Pentagon looks to increase military drills with Finland, Sweden


The United States military is considering plans to bolster its involvement in military exercises with Finland and Sweden as NATO weighs the nations’ applications to join the alliance.

Arriving in Helsinki on June 3 to meet with Finnish President Sauli Niinisto and top military commanders, Gen. Mark Milley, chairman of the U.S. Joint Chiefs of Staff, said the Nordic countries bring “significant military capacity to NATO.”

“We, the military, have a variety of plans with NATO … to conduct exercises in all the domains ― air, sea, land, et cetera. So, we’ll do that,” Milley told Defense News June 3, adding that any final decisions by Defense Secretary Lloyd Austin and others are “still under consideration from a policy perspective.”

“We are developing plans in order to not only sustain the exercise programs we’ve been doing but to modestly increase those,” he said.

Milley, before arriving in the Finnish capital, said the talks would focus on how to support the NATO applications and what operations, activities and exercises the U.S. would engage in to “improve our readiness and interoperability.”

Over the past six months, Finland has expanded its participation in military drills with European partners, adding eight new exercises and changing 12 others, said security and defense policy expert Charly Salonius-Pasternak of the Finnish Institute of International Affairs.

All NATO members must approve the nations’ bids to join the organization, which were spurred by Russia’s invasion of Ukraine. Turkey, however, has said it opposes the applications unless certain preconditions are met. Turkish leaders say they remain concerned about Finland and Sweden’s alleged support of Kurdish militants.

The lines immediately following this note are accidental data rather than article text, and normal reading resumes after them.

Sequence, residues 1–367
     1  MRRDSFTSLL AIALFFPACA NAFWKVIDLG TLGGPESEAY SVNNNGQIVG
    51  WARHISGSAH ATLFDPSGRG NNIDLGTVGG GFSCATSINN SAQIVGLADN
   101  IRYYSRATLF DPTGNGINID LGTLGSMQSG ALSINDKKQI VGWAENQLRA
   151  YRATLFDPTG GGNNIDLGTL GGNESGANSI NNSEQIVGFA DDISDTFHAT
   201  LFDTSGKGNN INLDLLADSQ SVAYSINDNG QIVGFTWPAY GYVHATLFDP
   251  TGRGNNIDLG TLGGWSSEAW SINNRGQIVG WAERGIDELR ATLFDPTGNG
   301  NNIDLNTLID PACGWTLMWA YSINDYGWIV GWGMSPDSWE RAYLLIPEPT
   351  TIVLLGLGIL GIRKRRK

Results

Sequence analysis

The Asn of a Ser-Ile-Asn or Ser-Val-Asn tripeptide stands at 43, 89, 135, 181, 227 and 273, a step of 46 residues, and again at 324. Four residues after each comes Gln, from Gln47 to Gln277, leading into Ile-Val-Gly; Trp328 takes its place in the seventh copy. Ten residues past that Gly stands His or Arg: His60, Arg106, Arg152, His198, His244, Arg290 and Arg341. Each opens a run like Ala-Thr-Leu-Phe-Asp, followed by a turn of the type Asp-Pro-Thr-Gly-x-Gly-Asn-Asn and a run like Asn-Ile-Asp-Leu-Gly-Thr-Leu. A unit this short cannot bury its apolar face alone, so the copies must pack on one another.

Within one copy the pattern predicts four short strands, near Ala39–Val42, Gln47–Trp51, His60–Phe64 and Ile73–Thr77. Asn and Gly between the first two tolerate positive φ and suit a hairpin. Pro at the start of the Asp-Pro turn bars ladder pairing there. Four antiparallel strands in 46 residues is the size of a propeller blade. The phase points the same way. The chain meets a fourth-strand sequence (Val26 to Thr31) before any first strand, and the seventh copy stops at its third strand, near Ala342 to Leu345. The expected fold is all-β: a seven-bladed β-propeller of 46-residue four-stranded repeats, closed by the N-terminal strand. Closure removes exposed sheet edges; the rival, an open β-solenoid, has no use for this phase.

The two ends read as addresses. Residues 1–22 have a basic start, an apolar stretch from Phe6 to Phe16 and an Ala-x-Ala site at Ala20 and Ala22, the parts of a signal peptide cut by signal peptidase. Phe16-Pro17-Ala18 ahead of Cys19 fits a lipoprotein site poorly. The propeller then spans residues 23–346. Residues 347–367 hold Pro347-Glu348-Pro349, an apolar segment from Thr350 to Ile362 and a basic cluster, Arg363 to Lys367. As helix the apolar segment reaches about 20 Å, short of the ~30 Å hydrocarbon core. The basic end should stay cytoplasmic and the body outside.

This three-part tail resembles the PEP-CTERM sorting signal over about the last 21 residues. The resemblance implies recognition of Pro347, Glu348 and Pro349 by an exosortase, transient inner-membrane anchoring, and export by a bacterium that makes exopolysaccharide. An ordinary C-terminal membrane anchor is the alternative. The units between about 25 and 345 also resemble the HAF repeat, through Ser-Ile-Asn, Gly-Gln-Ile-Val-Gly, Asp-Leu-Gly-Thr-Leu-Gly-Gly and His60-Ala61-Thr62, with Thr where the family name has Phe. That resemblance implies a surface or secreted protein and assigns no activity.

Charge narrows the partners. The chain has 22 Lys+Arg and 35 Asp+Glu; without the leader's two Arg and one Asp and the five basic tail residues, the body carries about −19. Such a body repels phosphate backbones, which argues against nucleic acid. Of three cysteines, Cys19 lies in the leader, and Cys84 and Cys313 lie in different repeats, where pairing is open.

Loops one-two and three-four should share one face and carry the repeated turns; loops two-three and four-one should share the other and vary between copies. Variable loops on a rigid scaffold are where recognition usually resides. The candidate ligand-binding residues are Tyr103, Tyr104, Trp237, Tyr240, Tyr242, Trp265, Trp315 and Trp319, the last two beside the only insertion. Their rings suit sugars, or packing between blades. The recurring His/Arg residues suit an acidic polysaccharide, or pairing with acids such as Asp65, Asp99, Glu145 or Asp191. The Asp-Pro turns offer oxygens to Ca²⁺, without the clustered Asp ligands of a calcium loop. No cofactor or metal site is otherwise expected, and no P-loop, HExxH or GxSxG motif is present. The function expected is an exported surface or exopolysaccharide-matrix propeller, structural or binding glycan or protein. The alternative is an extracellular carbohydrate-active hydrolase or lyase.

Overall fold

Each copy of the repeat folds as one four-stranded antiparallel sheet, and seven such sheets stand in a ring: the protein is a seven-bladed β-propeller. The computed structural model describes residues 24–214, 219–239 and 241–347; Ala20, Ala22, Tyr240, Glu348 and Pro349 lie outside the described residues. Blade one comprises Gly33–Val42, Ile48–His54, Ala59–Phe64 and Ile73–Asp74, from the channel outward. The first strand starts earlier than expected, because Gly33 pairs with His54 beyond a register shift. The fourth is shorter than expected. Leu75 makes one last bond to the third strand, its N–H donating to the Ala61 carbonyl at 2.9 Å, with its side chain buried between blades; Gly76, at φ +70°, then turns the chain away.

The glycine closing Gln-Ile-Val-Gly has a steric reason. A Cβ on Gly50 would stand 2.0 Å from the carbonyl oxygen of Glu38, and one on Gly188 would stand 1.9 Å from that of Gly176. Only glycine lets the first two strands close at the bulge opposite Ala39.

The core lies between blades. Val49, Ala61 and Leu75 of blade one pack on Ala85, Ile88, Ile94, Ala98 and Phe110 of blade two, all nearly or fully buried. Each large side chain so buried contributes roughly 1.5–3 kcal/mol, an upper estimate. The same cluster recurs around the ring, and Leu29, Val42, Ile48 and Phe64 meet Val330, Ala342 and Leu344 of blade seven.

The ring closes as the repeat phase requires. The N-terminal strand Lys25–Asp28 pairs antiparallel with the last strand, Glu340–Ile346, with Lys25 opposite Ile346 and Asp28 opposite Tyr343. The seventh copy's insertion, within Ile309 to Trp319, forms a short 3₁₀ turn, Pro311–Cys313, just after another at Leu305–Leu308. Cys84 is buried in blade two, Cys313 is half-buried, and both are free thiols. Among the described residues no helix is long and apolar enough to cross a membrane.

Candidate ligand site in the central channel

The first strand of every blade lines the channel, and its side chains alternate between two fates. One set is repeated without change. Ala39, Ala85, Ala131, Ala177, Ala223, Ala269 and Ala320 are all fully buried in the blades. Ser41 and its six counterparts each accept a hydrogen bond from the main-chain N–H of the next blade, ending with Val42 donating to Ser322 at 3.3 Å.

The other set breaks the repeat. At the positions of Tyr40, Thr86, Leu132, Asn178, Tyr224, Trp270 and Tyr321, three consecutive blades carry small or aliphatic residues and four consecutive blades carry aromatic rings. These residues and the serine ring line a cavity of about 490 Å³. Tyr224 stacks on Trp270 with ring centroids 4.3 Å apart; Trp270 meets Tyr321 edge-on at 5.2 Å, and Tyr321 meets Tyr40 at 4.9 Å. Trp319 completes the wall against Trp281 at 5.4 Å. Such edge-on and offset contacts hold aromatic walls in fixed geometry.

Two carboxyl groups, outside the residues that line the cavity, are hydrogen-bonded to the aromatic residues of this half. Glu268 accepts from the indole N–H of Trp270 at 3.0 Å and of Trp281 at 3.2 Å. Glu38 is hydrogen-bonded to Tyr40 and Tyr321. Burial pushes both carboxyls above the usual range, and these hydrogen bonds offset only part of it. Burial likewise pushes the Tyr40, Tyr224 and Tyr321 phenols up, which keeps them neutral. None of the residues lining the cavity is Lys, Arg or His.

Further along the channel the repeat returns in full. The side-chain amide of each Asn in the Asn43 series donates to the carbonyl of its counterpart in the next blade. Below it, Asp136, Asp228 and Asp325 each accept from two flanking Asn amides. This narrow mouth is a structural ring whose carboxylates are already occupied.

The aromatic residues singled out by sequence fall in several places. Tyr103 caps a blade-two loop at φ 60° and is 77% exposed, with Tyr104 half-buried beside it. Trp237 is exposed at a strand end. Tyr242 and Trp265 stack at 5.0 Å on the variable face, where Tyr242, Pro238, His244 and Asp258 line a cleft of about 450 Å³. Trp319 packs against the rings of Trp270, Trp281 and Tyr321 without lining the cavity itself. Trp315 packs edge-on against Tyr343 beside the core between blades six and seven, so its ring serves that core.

Following the talks, Milley visited Sweden as part of the annual Baltic operations (BALTOPS) air and naval exercise. Fourteen NATO allies, plus Sweden and Finland, participated in the exercise, deploying 45 ships, more than 75 aircraft and about 7,000 personnel, according to the alliance.

Milley’s visits to Finland and Sweden came ahead of a NATO summit in late June. They were intended to demonstrate support for allies after Russia’s invasion and to enable the U.S. to help coordinate military aid to Ukraine ahead of a third meeting of donor nations set for June 15. (Pictured: Supreme Commander of the Swedish Armed Forces, Gen. Micael Byden, left, Gen. Mark A. Milley, chairman of the U.S. Joint Chiefs of Staff, and Swedish Prime Minister Magdalena Andersson stand aboard the U.S. Navy’s amphibious assault ship USS Kearsarge in Stockholm, Sweden.)

Earlier, Swedish Defense Minister Peter Hultqvist said that his country’s bid to join the alliance would spur greater stability around the Baltic Sea.

“If we take more responsibility for the Baltic Sea together, maybe we can create a situation where we will not have so much military competition,” Hultqvist told Defense News.